Join us Friday January 31st as we launch Volume’s 38th issue – The Shape of Law – with a special event at Post Office in Rotterdam.
How Do You Do Biodesign is an evening for architects, urban designers, product designers, fashion designers, artists and developers of digital technology and media, which will illuminate exactly what biodesign can mean for the field of work and research. How Do You Do Biodesign is co-produced by Het Nieuwe Instituut and the Willem de Kooning Academie.
After successfully concluding the first competition of the MONEY cycle, the Zagreb Society of Architects sets the stage for the second competition within the international series of concept-based architectural competitions entitled Think Space.
Please join us for Archis RSVP Event #15: Invisible (But Very Tangible) Borders. UABB/Shenzhen, meeting place Minle Subway Station Long Hua Line, exit A at 14.00 hours.
Cities are filled with numerous – at first sight invisible – borders. Between rich and poor, between ethnic groups, between high and low, between dense and sprawl, in short between center and periphery. But who and what define these borders? Are they problematic? Do they tell underlying stories? Explore some borders of Shekou and Shenzhen with us and each other.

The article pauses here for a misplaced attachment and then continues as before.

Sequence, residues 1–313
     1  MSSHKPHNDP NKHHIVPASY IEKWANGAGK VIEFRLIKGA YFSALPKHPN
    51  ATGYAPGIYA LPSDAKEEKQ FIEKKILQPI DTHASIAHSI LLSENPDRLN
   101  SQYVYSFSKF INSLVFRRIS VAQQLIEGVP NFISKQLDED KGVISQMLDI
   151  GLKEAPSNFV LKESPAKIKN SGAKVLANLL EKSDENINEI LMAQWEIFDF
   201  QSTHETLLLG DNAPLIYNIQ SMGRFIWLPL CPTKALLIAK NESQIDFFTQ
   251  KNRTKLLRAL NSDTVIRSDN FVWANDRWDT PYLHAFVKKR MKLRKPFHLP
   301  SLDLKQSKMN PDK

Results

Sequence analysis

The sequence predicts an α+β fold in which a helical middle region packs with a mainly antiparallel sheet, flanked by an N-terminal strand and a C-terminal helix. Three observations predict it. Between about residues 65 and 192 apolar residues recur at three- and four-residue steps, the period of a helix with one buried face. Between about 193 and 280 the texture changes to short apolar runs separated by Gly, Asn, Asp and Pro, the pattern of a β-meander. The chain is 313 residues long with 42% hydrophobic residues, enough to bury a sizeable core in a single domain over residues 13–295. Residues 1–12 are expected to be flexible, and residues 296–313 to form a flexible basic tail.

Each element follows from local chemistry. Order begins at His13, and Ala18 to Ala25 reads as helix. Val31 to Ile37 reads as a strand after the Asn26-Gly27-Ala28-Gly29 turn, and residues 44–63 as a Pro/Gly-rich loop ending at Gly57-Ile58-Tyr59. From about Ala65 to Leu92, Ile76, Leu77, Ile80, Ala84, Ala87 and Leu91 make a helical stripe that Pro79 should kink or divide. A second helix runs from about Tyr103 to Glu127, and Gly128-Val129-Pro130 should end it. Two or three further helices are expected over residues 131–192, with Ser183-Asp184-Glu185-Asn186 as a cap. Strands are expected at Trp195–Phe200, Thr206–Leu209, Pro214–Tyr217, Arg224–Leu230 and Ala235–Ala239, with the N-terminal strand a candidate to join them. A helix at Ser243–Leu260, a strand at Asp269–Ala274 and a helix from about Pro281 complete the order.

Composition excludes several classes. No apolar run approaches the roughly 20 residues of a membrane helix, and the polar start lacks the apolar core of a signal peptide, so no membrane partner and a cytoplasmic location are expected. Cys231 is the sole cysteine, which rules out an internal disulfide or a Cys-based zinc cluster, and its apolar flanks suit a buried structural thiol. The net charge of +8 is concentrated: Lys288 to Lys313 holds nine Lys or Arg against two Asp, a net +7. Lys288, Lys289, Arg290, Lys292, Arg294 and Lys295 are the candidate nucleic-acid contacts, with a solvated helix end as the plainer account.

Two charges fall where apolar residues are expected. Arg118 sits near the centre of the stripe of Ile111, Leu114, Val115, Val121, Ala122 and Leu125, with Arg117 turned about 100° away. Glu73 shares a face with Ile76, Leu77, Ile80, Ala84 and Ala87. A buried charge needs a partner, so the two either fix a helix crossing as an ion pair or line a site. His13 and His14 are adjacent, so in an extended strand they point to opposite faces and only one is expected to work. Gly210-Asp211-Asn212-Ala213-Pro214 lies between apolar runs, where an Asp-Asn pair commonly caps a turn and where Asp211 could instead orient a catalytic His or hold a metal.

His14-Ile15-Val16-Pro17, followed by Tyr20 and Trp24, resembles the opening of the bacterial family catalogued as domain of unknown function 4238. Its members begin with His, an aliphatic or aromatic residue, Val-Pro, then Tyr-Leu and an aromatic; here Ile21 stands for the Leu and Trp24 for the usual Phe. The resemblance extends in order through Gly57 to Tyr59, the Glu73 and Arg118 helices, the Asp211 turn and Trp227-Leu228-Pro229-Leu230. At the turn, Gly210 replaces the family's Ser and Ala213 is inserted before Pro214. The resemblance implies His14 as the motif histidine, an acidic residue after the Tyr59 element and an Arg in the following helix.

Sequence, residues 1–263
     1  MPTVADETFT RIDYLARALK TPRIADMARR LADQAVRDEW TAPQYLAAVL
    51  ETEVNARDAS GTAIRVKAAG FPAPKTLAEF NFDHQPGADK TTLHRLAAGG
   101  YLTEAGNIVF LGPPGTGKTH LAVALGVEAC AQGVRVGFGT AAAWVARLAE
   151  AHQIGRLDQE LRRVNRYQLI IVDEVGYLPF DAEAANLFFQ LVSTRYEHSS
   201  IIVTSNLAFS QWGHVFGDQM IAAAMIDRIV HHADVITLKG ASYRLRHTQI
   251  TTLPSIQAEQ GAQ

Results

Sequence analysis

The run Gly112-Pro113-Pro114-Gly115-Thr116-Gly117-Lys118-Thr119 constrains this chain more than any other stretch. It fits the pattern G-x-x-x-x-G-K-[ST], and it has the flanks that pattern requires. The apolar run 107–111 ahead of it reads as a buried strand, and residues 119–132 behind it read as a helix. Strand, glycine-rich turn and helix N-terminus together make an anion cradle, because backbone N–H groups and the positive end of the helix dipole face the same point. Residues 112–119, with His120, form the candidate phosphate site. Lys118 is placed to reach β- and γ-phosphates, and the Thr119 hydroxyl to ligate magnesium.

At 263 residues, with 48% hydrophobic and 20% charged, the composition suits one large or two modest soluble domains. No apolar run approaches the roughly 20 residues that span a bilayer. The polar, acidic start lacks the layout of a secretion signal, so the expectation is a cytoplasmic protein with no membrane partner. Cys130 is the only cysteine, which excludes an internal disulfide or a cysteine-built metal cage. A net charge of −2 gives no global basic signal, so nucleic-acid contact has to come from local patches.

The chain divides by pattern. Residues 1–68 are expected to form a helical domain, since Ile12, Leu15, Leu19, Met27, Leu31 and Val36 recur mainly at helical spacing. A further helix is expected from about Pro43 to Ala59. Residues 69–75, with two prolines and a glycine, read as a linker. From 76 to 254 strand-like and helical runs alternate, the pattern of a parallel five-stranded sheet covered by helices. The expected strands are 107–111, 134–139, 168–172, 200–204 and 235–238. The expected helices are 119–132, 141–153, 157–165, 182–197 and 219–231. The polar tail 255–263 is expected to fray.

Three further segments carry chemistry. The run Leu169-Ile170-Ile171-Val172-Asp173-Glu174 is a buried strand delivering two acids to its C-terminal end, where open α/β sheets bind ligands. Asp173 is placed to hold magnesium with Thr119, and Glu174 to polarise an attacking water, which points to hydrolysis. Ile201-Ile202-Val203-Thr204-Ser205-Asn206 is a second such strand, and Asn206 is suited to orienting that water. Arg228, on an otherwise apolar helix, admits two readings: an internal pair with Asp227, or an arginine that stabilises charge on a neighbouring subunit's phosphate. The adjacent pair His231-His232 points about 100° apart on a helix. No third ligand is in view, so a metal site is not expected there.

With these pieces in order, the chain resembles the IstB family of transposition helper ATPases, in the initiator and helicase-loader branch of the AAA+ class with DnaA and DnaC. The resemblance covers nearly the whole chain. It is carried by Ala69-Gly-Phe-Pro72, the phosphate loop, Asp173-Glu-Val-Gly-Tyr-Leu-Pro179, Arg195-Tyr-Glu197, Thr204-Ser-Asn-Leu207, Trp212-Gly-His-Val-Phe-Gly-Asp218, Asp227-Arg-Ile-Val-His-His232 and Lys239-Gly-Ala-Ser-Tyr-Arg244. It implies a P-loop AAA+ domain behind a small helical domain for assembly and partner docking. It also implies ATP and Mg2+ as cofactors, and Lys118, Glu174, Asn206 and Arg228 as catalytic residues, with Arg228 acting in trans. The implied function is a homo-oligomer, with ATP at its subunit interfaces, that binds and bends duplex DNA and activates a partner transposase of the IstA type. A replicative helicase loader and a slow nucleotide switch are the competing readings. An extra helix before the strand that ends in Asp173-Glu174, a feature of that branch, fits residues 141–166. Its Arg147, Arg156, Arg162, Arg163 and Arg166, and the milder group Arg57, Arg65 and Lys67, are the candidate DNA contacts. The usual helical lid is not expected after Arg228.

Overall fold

People in Europe are more and more interested in shaping their own surroundings. Self Building Building (SBB) transforms the current top- down building practice into a more flexible system with a bottom-up and adaptive approach. How to create your own affordable building as an individual or a group without it being an illegal or unsafe structure. How to negotiate with your neighbors and collaborate with the local government. An international exchange on personal ways to create space.
Tomorrow at 3:15 PM, the Shenzhen Bi-City Biennale of Urbanism/Architecture will be officially opened. The Grand Opening will take place at the Value Factory, main venue of the Biennale, located at the heart of the Shekou Industry Park in Shenzhen. We’re proud to announce that Volume has curated a room at the venue in collaboration with the Berlage Institute.
Volume is proud to be a partner of the Moscow Urban Forum, that will take place from 5 until 7 December, 2013. Key theme of this year’s Forum is ‘Megacities: Success Beyond the Centre’.
The New Generations Festival, which will be held in Milan on 28, 29 and 30 November 2013 with the patronage of the Chamber of Architects of Milan, the Municipality of Milan, the Politecnico of Milan, the Embassy and General Consolate of the Netherlands and the Embassy of Spain in Italy, will be the peak of […]